IT Economics Mean Defining, Benchmarking Costs
If you're an IT organization facing this new world of transparent, benchmarked and diffused economics, what should you do to remain relevant? Here are four suggestions:
Understand your economics. Five years into the cloud computing era, most IT organizations still have very little understanding of their costs to deliver resources, especially at a fine-grained level. Many still suffer from the fact that portions of their budgets roll up to different groups, including groups outside of IT such as finance and facilities.
More troubling is that many fail to realize that aggregating the costs that make up IT spend is only the first step. After that comes the work of defining costs for fine-grained resources such as the monthly charge for a gigabyte of object storage or the hourly charge for a certain size virtual machine. IT requires the same kind of activity-based costing that the manufacturing sector adopted two decades ago when first confronted with outsourcing.
Benchmark your economics. Once you understand your costs, find peer companies and compare. Both parties can learn from one another and help accelerate progress toward meeting best-in-industry standards. Compare yourself to public cloud providers as well to gauge how you stack up.
Marry your services to business value. A lot of lip service is given to "speaking the language of business" and "getting a seat at the table." Marrying IT services to business value goes well beyond using the right terminology; it has to focus on specific business deliverables or initiatives and providing technology to enable them. The fact that many companies go outside of IT to implement mobile apps shows how much need there is for closer collaboration. To that end, the Technology Business Management Council is devoted to this issue and hosts its inaugural conference in November.
Prepare for real-time utilization analysis and demand management. If you run a capital-intensive, service-based business such as an airline -- which offers a good model for what IT needs to look like, by the way -- then it's critical to keep utilization high with innovative demand management measures. Amazon Web Services is the leader in this area, thanks to its clever use of reserved and spot instances to keep its assets highly utilized. Utilization analysis and demand management goes well beyond typical capacity planning, though, which is focused on ensuring that sufficient resources are available but typically assumes up-front capital recovery models.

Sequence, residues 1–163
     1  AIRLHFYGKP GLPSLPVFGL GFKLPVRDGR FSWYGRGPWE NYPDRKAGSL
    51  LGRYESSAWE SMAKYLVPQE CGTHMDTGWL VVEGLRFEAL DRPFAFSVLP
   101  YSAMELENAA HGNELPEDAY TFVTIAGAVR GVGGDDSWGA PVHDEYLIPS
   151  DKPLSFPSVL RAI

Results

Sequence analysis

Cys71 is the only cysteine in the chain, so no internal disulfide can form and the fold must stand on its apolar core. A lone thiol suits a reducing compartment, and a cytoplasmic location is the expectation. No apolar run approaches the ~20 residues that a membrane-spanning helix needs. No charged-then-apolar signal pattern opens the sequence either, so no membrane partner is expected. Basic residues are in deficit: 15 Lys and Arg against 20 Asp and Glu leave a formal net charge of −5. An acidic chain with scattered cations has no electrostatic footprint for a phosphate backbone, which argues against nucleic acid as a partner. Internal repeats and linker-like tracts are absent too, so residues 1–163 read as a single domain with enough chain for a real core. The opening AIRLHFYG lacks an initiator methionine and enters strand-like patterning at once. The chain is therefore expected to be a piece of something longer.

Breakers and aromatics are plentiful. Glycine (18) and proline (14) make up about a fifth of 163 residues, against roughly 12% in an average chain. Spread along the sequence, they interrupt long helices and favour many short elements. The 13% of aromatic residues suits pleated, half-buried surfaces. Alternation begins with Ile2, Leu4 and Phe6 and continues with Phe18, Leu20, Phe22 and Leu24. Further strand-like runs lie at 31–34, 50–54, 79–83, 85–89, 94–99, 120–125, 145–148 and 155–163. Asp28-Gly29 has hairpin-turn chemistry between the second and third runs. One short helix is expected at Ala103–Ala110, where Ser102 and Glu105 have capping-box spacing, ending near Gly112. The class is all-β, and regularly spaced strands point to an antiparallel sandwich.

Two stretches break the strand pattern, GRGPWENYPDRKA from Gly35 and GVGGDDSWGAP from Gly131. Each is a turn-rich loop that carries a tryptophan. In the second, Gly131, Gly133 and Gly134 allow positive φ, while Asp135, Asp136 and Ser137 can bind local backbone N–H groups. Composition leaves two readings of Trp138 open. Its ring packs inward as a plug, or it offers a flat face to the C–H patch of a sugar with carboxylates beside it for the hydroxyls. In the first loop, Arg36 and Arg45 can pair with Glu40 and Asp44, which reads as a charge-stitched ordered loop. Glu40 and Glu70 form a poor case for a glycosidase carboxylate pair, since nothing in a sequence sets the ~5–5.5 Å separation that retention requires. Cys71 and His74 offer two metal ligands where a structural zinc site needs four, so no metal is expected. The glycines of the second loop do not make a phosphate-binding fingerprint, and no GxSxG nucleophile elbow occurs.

Cloud computing is serving as a forcing function within IT, causing it to move from a semi-handcraft industry based on infrastructure investment to a fully-automated one based on offering fine-grained computing resources. The financial practices fully capable of supporting the former are no longer sufficient for an accelerated environment of transient resource use.
Bernard Golden is senior director of Cloud Computing Enterprise Solutions group at Dell. Prior to that, he was vice president of Enterprise Solutions for Enstratius Networks, a cloud management software company, which Dell acquired in May 2013. He is the author of three books on virtualization and cloud computing, including Virtualization for Dummies. Follow Bernard Golden on Twitter @bernardgolden.